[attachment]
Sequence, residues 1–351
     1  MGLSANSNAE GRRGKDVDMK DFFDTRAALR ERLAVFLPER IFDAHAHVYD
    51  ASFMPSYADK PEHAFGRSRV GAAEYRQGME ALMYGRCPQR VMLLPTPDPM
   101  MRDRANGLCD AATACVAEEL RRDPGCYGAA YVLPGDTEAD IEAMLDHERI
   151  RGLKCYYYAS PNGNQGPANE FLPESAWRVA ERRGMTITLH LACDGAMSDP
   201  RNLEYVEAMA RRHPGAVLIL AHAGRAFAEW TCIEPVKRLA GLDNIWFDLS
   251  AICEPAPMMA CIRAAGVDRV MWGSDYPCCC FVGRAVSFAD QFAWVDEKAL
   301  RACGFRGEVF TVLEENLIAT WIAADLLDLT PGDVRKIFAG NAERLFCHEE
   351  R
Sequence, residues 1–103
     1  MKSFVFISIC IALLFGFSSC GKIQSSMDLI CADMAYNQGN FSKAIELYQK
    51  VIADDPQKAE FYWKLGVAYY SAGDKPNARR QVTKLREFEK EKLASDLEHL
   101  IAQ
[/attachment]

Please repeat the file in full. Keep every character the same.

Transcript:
Sequence, residues 1–351
     1  MGLSANSNAE GRRGKDVDMK DFFDTRAALR ERLAVFLPER IFDAHAHVYD
    51  ASFMPSYADK PEHAFGRSRV GAAEYRQGME ALMYGRCPQR VMLLPTPDPM
   101  MRDRANGLCD AATACVAEEL RRDPGCYGAA YVLPGDTEAD IEAMLDHERI
   151  RGLKCYYYAS PNGNQGPANE FLPESAWRVA ERRGMTITLH LACDGAMSDP
   201  RNLEYVEAMA RRHPGAVLIL AHAGRAFAEW TCIEPVKRLA GLDNIWFDLS
   251  AICEPAPMMA CIRAAGVDRV MWGSDYPCCC FVGRAVSFAD QFAWVDEKAL
   301  RACGFRGEVF TVLEENLIAT WIAADLLDLT PGDVRKIFAG NAERLFCHEE
   351  R
Sequence, residues 1–103
     1  MKSFVFISIC IALLFGFSSC GKIQSSMDLI CADMAYNQGN FSKAIELYQK
    51  VIADDPQKAE FYWKLGVAYY SAGDKPNARR QVTKLREFEK EKLASDLEHL
   101  IAQ